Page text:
“All options are on the table,” declared House Minority Leader John Boehner (R-OH) at last Thursday’s weekly press briefing with reporters.
Except when they’re not.
The “options” Boehner refers to are the tactics available to try to force the hand of House Speaker Nancy Pelosi (D-CA) about her accusations that the CIA lied to her about interrogation techniques. The Ohio Republican has dogged the Speaker to either prove her assertions or apologize to the spy agency. And Boehner seems determined to keep up the heat on Pelosi, despite a statement a few weeks ago that she has full confidence in the intelligence community.
But the problem is that Boehner’s “table” is small. And the “options” he speaks of are hardly voluminous.
After enduring two election bloodbaths, Boehner leads a deep minority in the House. Republicans hold only 178 members in the 435 person body. Unlike the Senate, which is a body of equals, the majority rules in the House. And minority members are sentenced to enduring the harsh, tyrannical whims of the majority. That’s why there was a mass exodus of senior Republicans two years ago who decided to retire from Congress rather than serve in the minority. Think the trend is over? Check out President Obama’s nomination last week of Rep. John McHugh (R-NY) for Army Secretary. McHugh figured he’d be better off serving a liberal president of the opposing party than languishing in the Democratically-dominated House.
In the Senate, lawmakers can filibuster. They can take the floor and speak. And speak. And speak. They can place “holds” on nominations or bills to gum up the works. They can vote against invoking cloture, or cutting off debate. They can object to unanimous consent requests from Majority Leader Harry Reid (D-NV) to complete the most simple of parliamentary tasks. In other words, a single, determined senator can gum up the plans of his or her 99 colleagues. If executed correctly, a small minority can dominate the Senate.
Not the case in the House. Boehner’s lofty “options?” He ain’t got many.
Here are the arrows available in Boehner’s quiver to fire at Pelosi:
A Privileged Resolution: Two weeks, Rep. Rob Bishop (R-UT) introduced what’s called a “privileged resolution” in the House. By definition, a privileged resolution goes to the front of the legislative line. It must be considered immediately or within two days. But first the resolution must clear a relatively high bar to truly be ruled as “privileged” by the House parliamentarian. To be considered as “privileged,” a resolution must collectively suggest that someone’s conduct has soiled the reputation of the House.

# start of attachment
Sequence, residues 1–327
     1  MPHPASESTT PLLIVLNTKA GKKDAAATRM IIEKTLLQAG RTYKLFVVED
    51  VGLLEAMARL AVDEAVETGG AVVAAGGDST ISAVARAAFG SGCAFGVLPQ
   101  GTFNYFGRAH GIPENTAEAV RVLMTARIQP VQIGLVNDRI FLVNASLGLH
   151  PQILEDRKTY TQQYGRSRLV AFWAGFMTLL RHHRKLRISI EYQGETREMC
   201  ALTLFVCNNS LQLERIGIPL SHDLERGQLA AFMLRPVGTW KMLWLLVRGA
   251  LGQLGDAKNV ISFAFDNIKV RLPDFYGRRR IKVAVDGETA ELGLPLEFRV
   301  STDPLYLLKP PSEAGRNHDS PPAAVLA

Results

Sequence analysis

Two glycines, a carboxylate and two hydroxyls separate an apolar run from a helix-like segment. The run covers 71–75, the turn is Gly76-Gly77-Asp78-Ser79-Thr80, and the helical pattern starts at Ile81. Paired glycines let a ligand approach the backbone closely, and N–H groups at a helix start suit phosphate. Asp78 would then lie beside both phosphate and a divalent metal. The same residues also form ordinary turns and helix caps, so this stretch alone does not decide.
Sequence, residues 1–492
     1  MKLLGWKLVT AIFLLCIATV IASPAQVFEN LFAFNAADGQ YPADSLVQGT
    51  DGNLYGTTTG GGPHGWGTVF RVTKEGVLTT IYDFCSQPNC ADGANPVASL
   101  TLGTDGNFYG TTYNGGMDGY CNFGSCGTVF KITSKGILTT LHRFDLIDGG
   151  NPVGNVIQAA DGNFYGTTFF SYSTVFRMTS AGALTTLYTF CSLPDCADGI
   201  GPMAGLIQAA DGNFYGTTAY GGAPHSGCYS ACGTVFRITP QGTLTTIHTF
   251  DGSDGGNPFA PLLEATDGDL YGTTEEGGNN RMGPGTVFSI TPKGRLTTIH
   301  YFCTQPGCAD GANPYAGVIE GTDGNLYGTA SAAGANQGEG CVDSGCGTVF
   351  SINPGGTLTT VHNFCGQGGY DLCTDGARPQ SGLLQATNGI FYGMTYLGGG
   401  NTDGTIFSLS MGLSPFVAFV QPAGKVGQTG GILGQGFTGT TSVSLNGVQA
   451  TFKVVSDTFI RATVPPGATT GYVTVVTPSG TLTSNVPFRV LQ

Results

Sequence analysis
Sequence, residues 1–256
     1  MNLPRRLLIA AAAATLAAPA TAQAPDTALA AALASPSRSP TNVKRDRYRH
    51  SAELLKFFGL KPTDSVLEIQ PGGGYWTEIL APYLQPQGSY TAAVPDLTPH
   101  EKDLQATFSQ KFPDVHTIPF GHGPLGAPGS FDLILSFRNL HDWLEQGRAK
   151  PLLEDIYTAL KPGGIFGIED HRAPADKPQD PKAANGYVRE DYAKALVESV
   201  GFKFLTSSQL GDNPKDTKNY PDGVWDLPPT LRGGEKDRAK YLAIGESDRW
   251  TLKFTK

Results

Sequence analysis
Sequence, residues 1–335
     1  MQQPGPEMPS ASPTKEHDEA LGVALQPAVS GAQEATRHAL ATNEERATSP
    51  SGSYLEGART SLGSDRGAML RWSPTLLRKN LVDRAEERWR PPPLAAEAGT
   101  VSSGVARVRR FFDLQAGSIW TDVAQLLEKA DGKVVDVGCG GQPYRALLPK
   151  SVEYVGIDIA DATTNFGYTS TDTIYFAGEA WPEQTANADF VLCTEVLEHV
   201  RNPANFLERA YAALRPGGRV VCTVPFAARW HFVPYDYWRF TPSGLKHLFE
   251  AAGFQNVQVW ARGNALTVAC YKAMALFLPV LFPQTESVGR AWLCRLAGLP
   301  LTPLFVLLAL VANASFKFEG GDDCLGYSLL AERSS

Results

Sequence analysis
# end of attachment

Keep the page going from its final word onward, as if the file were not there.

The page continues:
Bishop’s resolution didn’t suggest that Pelosi’s assertion about the CIA tarnished the House. All it did was ask for the creation of a special, bipartisan subcommittee to probe Pelosi’s allegation. That’s why the parliamentarian ruled the resolution was not privileged. Alternatively however, the House decided that Bishop could go through the regular legislative process to create such a panel. Bishop appealed the ruling that his resolution was not privileged. And Democrats moved to table, or kill Bishop’s appeal.
Later, Bishop introduced his resolution through the traditional legislative pipeline. It’s now camped before a House panel. I asked a senior Democratic aide whether the resolution had a snowball’s chance of going anywhere.
“Stay tuned,” said the aide, who then hastened to add, “But don’t hold your breath, either.”
So Boehner and the Republicans are stuck. Only the majority decides to move legislation in the House. And Democrats are likely to euthanize Bishop’s proposal by neglect.
However, the challenge to Team Boehner is to craft a resolution that WOULD be ruled in order. And perhaps court a few conservative Democrats to vote against the Speaker. The House might not approve the resolution. But it has to be drafted properly.
Legislating is the “art of the possible.” And so far, House Republicans haven’t unearthed that “possible.”
In other words, yes, it’s “possible” that the Washington Nationals could win the World Series this year. They haven’t been mathematically eliminated from the postseason. But it’s possible. That’s the creative challenge facing Republicans if they want to hector Pelosi: crafting a resolution that would be ruled in order that could hold potentially embarrassing consequences for the Speaker.
In short, Republicans are limited in their formal, parliamentary options.
An as yet unexplored option available to Republicans is to write a resolution that calls for the House to censure or reprimand Pelosi. Both are essentially slaps on the hands of a lawmaker who the House determines has misbehaved. But such a maneuver, taken against a sitting House Speaker, who hasn’t been accused of any crime, would be extraordinary. And while it may play well to the GOP base, a resolution of censure or reprimand could atrophy any semblance of House bipartisanship. After all, a powerful majority can be vindictive.